Sunday, January 17, 2021

Geet nazuk hai mera sheeshe se bhi

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Avijit Sarkar channels Talat Mehmood. SHYAMAL BHATIA reports

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One of the first songs that comes to mind when one thinks of Talat Mahmood is Jalte hain jiske liye and so it was no surprise when Avijit Sarkar opened his concert “Life and Music of Talat Mahmood” with this lilting melody from the film Sujaata.  Story has it that the composer S D Burman originally intended to get Mohammad Rafi to sing the song but his assistant Jaidev suggested that Talat Mahmood’s velvety voice would be better suited to the song.  Whether true or not, there is no denying the fact that the song has become immortal and has immense appeal to audiences across several generations.  Such is the magic of Talat Mahmood.

Talat Mahmood was known to be a soft spoken gentleman, a man with a distinctive mellow voice, stylish vocal expression and unparalleled emotional nuances in his singing.  These are qualities also possessed by Avijit Sarkar which he proved once again on the evening of the 26th of May by presenting in his voice a range of songs originally sung by Talat in the 1950s and 1960s.

Avijit’s selection of songs for the evening highlighted Talat’s versatility in singing.  He covered a cross section of styles: ghazals, slow romantic songs as well as fast, peppy numbers composed by a range of music directors of that generation such as:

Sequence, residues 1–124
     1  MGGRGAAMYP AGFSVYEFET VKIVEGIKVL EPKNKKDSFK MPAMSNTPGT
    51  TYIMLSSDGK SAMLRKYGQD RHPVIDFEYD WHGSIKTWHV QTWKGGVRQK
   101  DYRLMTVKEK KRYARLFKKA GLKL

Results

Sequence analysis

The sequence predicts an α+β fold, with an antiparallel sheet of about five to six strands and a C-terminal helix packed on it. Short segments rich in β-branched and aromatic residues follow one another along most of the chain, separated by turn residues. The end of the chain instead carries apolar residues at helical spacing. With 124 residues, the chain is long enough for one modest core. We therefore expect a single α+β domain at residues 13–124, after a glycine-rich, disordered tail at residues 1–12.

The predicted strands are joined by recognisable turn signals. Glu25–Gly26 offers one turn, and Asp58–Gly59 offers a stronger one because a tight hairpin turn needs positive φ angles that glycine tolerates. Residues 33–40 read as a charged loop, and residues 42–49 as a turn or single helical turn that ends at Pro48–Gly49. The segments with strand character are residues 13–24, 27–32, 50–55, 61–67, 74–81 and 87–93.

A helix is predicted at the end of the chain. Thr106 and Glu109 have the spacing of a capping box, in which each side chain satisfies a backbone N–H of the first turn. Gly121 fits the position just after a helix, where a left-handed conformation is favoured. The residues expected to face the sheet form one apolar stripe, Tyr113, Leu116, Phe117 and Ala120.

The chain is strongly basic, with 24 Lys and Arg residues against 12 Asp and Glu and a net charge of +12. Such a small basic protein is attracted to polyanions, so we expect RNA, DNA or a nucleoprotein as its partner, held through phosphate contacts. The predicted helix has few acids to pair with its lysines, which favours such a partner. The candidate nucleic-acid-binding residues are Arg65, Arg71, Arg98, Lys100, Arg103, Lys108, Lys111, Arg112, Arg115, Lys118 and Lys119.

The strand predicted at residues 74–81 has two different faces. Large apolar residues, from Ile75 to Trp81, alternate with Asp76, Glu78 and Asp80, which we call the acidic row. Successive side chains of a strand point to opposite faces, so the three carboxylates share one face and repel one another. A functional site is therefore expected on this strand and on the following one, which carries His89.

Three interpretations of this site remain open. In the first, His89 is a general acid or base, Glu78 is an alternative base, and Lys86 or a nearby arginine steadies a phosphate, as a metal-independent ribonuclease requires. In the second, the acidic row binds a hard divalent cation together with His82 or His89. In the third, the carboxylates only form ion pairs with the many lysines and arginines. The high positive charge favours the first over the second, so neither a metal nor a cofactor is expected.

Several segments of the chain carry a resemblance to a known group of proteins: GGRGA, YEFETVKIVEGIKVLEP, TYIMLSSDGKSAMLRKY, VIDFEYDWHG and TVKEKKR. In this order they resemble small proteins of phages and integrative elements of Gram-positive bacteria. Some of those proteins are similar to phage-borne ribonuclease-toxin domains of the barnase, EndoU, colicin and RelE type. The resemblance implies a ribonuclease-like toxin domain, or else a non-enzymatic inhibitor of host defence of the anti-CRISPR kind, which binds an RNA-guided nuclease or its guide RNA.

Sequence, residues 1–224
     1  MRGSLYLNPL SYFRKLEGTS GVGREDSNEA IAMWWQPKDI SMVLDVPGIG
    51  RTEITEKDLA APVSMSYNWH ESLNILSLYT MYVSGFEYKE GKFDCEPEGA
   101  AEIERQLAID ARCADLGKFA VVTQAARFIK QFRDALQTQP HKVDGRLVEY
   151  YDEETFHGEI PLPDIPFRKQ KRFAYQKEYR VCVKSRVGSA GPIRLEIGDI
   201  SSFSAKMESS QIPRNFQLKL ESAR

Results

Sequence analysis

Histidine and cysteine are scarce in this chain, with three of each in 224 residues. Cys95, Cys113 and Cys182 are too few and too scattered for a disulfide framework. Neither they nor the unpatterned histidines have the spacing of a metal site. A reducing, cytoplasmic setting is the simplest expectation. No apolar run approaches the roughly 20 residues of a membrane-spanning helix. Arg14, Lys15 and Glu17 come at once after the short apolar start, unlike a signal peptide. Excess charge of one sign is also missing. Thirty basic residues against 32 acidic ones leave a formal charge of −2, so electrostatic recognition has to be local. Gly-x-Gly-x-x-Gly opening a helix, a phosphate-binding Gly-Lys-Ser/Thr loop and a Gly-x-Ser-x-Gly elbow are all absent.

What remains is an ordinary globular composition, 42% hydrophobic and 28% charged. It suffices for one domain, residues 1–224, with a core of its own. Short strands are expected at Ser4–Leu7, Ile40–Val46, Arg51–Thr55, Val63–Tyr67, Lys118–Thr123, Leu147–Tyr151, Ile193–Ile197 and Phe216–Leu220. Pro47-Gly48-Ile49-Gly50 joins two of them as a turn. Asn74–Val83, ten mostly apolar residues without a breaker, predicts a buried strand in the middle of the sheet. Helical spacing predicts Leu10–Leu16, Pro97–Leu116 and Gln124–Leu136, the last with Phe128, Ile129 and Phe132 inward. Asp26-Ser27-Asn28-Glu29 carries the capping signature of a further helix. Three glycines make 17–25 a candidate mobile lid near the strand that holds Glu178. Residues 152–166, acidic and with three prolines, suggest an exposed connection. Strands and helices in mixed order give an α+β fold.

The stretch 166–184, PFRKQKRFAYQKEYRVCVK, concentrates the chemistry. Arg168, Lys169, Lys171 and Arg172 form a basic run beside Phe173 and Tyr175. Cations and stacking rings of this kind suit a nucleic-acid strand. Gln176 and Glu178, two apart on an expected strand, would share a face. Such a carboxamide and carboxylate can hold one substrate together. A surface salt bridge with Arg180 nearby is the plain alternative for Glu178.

Anil Biswas (Aye dil mujhe aisi – Arzoo;   Rahi matwale -Waris), Naushad (Milte hi aakhen – Babul), Salil Choudhry (Aasoon samajh ke and Itna na mujhse -Chhaya; Raat ne kya kya – Ek Gaon Ki Kahani), Madan Mohan (Phir wohi shaam – Jahan Ara; Berehem aasmaan – Bahana), S D Burman (Jalte hain jiske liye -Sujaata; Jaayen to jaayen kahan – Taxi Driver), Ghulam Mohammad (Zindagi dene waale sun – Dil e Naadaan; Dile e naadaan tujhe – Mirza Ghalib), Khayyam (Sham e gham ki – Footpath), Jaidev (Dekh li teri – Kinare Kinare), C Ramchandra (Apni kaho kuchh – Parchhain; Bechain nazar – Yasmin; Muhobat hi na jo – Parchhain), Ravi (Sub kuchh lutake – Ek Saal), Sajjad (Yeh hawa yeh raat – Sangdil), Shankar Jaikishan (Andhe jahan ke – Patita) and Sardar Malik (Aye gham e dil kya – Thokar).

Female vocals were provided by Pushpa Jagadish (Apni kaho; Itna na mujhse) and Rachna Bhatnagar (Milte hi aakhen; Dil e naadaan), both excellent singers in their own right.  Pushpa Jagadish also sang Seene mein sulagte as her own tribute to Talat Mahmood.

Accompanying musicians that evening were: Akbar  (keyboard), Abhijit (tabla), Salim (electronic drums), Sadiq (guitar) and Parag (side rhythm).

Sadiq also sang Tasveer banata hoon (Baradari)   to show his respect for a great artiste who belonged to a generation before him.

The evening was entertaining and the singing was interspersed with anecdotes from the life of Talat Mahmood.  The audience, which included many who were not even born when the songs were released, seemed to love every minute of the concert and by the end of the evening were asking for more.  This is a real tribute to a great artiste and to an era when melody and meaningful poetry ruled in Bollywood.

I hope that this love for classic Bollywood music does not fade and continues on in the hearts of the coming generations.  The words of Majrooh Sultanpuri beautifully sung by Talat Mahmood come to mind: Geet nazuk hai mera sheeshe se bhi, tute na kahin.

The concert was sponsored by QualityCare and the ticket proceeds were donated to Breast Cancer Research in Australia .

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